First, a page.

You choose, we deliver
If you are interested in this story, you might be interested in others from The Journal Gazette. Go to www.journalgazette.net/newsletter and pick the subjects you care most about. We'll deliver your customized daily news report at 3 a.m. Fort Wayne time, right to your email.

Science & Tech

  • Study: Coal removal harming fish, water
    In West Virginia’s Appalachian Mountains, fish are vanishing. The number of species has fallen, the populations of those that remain are down, and some individual fish look a little skinny.
  • Paralyzed hand movable with thought
    First they screwed the end of the gray cord into the metal silo rising out of Ian Burkhart’s skull. Later they laid his right forearm across two foam cylinders, and they wrapped it with thin strips that looked like old home movie film.
  • Inventor pushes solar panels for roads, highways
     SPOKANE, Wash. – The solar panels that Idaho inventor Scott Brusaw has built aren’t meant for rooftops.
Advertisement
Associated Press
Hummingbirds are migrating to North America earlier than in decades past, and research points to higher temperatures in their winter habitat.

Hummingbirds migrating earlier

– Ruby-throated hummingbirds are migrating to North America weeks earlier than in decades past, and research indicates that higher temperatures in their winter habitat may be the reason.

Researchers say the early arrival could mean less food at nesting time for the tiny birds that feed on insect pests, help pollinate flowers and are popular with birdwatchers.

“Hummingbirds are charismatic, and they do things that fascinate us,” said Ron Johnson, a scientist at Clemson University and one of the study’s authors. “They fly backward, and they hover, and they will come to feeders at homes so people can easily see them.”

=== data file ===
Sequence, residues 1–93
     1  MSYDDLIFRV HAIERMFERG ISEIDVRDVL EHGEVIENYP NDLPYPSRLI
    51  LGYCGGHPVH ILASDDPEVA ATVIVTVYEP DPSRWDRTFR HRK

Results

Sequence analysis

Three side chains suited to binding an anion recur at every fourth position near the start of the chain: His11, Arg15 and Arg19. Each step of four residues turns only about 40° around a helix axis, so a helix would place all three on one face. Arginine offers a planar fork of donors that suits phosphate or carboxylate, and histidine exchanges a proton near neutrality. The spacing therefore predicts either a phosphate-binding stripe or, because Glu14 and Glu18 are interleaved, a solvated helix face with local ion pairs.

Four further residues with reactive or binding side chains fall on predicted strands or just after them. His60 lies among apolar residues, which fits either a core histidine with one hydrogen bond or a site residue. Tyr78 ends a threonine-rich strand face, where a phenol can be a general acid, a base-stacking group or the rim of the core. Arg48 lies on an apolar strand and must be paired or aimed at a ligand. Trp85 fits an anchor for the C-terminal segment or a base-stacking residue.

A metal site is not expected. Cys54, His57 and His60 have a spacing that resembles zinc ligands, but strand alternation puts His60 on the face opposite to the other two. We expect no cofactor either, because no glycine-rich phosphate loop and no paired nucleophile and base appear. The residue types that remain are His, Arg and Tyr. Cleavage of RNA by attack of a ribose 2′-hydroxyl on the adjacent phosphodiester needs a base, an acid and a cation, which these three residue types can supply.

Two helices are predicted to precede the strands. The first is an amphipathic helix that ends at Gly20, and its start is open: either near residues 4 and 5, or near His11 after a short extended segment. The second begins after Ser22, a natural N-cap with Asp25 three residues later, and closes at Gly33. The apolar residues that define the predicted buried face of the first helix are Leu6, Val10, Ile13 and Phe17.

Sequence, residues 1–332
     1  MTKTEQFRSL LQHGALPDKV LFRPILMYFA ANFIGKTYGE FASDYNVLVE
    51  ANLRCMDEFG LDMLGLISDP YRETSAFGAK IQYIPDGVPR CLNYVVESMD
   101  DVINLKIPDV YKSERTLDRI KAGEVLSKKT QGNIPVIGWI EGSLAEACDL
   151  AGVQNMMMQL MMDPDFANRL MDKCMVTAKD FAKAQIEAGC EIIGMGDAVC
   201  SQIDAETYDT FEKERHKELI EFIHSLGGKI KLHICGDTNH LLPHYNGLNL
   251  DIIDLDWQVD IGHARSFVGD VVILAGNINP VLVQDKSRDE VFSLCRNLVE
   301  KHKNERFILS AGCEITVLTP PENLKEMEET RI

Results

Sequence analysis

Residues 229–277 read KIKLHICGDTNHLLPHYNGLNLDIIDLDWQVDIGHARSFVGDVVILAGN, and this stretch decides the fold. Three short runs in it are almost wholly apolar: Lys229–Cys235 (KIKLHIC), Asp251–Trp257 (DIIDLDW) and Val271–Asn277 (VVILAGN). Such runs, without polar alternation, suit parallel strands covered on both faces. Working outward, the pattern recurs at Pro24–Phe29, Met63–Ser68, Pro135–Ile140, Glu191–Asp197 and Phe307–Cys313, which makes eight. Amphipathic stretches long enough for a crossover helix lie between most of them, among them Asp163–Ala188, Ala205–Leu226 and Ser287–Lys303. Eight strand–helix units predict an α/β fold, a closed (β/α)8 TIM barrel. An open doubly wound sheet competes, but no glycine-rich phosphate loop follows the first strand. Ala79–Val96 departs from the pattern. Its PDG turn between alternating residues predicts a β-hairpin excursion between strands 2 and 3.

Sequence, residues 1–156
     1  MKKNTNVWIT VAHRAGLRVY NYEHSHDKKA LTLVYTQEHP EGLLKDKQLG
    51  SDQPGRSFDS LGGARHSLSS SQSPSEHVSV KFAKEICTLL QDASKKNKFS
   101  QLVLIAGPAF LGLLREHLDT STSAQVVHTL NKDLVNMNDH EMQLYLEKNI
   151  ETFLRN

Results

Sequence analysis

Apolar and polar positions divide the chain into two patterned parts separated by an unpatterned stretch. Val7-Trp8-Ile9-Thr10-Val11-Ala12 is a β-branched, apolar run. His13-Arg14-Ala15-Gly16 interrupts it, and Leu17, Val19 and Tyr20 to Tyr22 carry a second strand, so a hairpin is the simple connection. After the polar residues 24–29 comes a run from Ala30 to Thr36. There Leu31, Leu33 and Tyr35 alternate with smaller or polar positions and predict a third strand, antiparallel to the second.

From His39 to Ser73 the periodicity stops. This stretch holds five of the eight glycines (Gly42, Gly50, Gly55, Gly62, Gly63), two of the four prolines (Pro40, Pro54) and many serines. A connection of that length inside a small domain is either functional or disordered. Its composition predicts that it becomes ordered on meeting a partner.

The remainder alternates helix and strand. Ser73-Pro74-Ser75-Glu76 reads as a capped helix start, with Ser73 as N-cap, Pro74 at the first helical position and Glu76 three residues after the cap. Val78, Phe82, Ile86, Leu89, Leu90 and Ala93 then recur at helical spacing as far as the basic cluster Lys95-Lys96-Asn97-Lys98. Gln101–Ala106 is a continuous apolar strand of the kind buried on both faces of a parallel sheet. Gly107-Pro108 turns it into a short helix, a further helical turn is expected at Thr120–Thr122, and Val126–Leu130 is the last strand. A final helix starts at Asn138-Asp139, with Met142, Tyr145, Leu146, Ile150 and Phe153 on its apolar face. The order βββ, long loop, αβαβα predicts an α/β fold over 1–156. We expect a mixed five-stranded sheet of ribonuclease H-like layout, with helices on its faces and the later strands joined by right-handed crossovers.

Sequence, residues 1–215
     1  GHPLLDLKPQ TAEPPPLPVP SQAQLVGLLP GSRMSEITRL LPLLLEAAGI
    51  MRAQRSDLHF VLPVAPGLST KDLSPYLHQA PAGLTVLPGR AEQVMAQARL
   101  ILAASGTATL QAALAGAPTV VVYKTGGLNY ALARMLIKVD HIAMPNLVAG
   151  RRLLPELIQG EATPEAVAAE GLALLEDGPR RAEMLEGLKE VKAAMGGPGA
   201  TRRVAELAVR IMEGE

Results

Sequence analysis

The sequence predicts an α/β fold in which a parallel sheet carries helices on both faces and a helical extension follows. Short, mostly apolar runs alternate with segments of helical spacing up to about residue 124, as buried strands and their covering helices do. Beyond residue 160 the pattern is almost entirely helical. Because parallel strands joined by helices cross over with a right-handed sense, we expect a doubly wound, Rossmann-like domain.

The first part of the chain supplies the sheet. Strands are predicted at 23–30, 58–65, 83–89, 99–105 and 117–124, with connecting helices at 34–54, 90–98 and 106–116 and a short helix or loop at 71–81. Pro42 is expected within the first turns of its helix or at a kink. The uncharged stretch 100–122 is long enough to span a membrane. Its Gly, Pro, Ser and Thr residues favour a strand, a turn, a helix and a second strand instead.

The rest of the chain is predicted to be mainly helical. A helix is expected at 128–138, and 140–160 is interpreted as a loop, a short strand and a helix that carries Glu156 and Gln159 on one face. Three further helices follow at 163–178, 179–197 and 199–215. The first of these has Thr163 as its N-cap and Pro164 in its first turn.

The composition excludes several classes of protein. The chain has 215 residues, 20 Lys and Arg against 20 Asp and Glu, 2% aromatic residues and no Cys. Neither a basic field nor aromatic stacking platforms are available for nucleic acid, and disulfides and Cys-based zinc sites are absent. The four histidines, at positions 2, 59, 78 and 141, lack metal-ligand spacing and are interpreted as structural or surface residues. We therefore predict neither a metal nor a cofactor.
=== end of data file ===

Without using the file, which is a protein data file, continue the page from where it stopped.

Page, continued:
Johnson and colleagues from Clemson; Taylor University in Upland; and the University of Nebraska last month published an article on the migration of the hummingbirds in The Auk, the Journal of the American Ornithologists Union.

The birds, which weigh little more than a nickel, fly hundreds of miles over the Gulf of Mexico from their wintering grounds in Central America to arrive in North America. The research compared data on their first arrival times from 1890 to 1969 with arrival times during the past 15 years or so.

The comparison found that the birds are arriving in North America 12 to 18 days earlier than in the past.

Jason Courtier of Taylor University said the historical data on hummingbirds is based on government surveys from about 3,000 naturalists around the country who recorded the first spring arrival time of bird species over the decades.

About 6 million such records exist and are being scanned into computer databases by the North American Bird Phenology Program. The research compared the historical documents with about 30,000 recent records on hummingbird arrivals.

James Van Remsen, the curator of birds at the Museum of Natural Science at Louisiana State University, said a wide body of literature shows other species of birds flying north earlier in North America and Europe.

Advertisement